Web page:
Directgov currently receives approximately ten million visits per month. Already.
I’m reluctant to write this solely on the basis of a piece in the Mail (on Sunday?), but it seems Civil Serf has been identified and suspended by DWP.
Investigators hunting for the blogger summoned her to a meeting last week, when it is understood that she denied responsibility. She was told she was being suspended regardless and, when she was ordered to attend a subsequent meeting with the inquiry team, she finally confessed.
She was caught after the Government dedicated a team of computer experts to track her down across the internet. A source in the DWP said it was an extraordinary outlay of resources as the team was told to clear their desks of everything except their hunt for Civil Serf.
OK, if we try to strip away the inevitable tabloid hyperbole, which isn’t necessarily straightforward… this is almost the worst possible conclusion. Denying responsibility was a bit daft, and probably only made things worse. It also leaves DWP looking just a bit reactionary.
What message are they trying to send, I wonder? And what signals does it send about DWP senior management’s appreciation of the way communications are evolving?
Reminder: DWP takes ownership of the government’s flagship web project in a couple of weeks.
You know the way all government sites are meant to be merging into Directgov… does that or doesn’t that cover externally located subdomains of direct.gov.uk? I did a quick bit of Google research and uncovered the following non-authoritative list:
- ema.direct.gov.uk (plus moneytolearn.direct.gov.uk and yp.direct.gov.uk)
- countdowntouni.direct.gov.uk (plus unimoney.direct.gov.uk and bursarymap.direct.gov.uk)
Several (although not not all) of these sites clearly required functionality which the Directgov platform couldn’t offer: database integration, mapping, etc. And that’s where Directgov’s problem will come. If you’re going to bring everyone on board, you need to be offering adequate functionality – or at least, access to adequate external functionality – to meet everyone’s perceived needs. As it stands, we risk ending up with a proliferation of subdomains.
When the Guardian’s Michael Cross interviewed Directgov chief executive Jayne Nickalls in August last year, he wrote:
In its response to the Power of Information report, the Cabinet Office proposes that Directgov embraces Web 2.0 technology by incorporating a blog in which users exchange their experiences.
Now if it’s really in the official Cabinet Office document, ‘The Government’s Response to The Power of Information‘ (PDF), I’m damned if I can find it. But that’s not the point. We were promised a two-way communication channel with Directgov… and nigh-on six months later, it’s still not here.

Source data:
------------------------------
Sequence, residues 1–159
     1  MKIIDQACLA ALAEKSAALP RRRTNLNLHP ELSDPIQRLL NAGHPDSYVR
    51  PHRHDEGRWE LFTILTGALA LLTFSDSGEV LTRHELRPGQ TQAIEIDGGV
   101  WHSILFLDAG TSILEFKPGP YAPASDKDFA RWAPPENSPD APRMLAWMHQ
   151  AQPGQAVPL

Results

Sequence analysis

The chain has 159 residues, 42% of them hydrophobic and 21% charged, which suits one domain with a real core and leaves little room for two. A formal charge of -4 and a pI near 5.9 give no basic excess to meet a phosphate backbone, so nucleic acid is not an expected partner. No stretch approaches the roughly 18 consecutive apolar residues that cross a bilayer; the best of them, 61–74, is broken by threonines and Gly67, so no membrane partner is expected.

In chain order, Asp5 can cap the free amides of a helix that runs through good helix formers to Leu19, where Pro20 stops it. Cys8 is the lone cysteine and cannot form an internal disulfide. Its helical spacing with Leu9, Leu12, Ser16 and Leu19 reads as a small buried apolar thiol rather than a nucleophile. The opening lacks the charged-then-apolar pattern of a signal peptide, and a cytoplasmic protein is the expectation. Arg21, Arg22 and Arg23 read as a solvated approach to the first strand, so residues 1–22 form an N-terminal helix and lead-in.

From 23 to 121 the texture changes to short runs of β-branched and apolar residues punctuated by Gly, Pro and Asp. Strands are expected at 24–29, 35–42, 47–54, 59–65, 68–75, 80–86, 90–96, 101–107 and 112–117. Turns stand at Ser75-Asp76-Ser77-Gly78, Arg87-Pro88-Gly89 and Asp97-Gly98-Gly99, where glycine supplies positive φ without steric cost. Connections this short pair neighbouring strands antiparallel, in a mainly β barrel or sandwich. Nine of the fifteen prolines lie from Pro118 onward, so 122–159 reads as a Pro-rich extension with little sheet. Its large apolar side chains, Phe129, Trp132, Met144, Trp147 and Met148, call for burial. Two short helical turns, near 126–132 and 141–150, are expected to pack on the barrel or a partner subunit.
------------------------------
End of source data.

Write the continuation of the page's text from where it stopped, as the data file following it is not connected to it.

Tom Watson’s ‘minister for e-government’ role still hasn’t been explicitly confirmed, as far as I’m aware. But if he’s looking for ideas, there’s one for a start. I hear the Directgov people are waiting to be given official guidance. But now we’ve got a blog-literate minister in charge, it’s as simple as three little words – Yes We Can – and a quick trip over to wordpress.com. We could do it tomorrow. What do you say, Tom? Jayne? Anyone?
The mere fact that Saturday’s BarcampUKGovWeb happened at all would have been enough in itself; but the assembled group of influential, inspirational and interesting people made for a fantastic day. At one point in the afternoon, I remember looking at the schedule and getting depressed at the countless interesting sessions I’d missed. It’s been a long time since I thought that of a (more conventional) conference. But I left with a slightly empty feeling: lots of questions, some of them very deep indeed, but no simple answers, and very few ‘action points’.
The best lesson I can draw from the day’s proceedings is this: Just Do It. The day itself was proof. We all arrived with a common purpose, but no specific agenda. The framework was set in advance, and proceeded to fill itself. We all got stuck in, and it just worked.
You’ve got Steve Dale’s example of just getting a Drupal installation into place, within a fortnight, to shock the client into a response. Or the MySociety approach of accepting ‘The System’ can’t or won’t deliver, and just getting on with it. Or my own WordPress-based crusade, I suppose. How to decide if Twitter or Seesmic has a role in government? – start using it, and let’s see.
Since Saturday, I’ve heard of one person who’s started a blog, and one person who’s decided to get to grips with Facebook. Dave’s (relatively simple) Pageflakes example has drawn some interest. I wonder how many had ever edited a wiki before signing up for the event? These are all baby steps, but they are the only way people will get the big picture. (Welcome aboard, guys.)
I firmly believe ‘the shift’ has happened, and government risks being left (even further) behind unless it exposes itself to the new world out there. COI’s Transformation / Rationalisation isn’t a bad thing in itself: the worst excesses needed to be reined in. But if we can agree what not to do, can we start agreeing what we can or should do?
Let’s start small: a Directgov/COI blog, please. Then maybe a WordPress (MU?)-based blogging platform for Civil Service uses (like Microsoft did). A tie-up with Basecamp or London-based Huddle, to encourage lightweight project management methods. But the best idea of the day came (I think) from Graham from DIUS: a parallel version of Directgov in wiki form, allowing external experts to suggest improvements which might improve the ‘real’ version. Sheer genius. Let’s just do it.
I’ve found out a bit more about the recruitment of three non-executive directors for Directgov, mentioned a few days ago. There are three specific positions: one for a ‘Finance/ Large Corporate’ person, one for a ‘Customer Champion’, and one for someone with ‘Digital Channel Experience’. One of the three will chair the Audit and Risk Committee. For ten grand a year, you’ll be asked to attend ten meetings, two of which will be all-day away-dayers. Applications to be in by the end of January; interviews will take place in mid-February.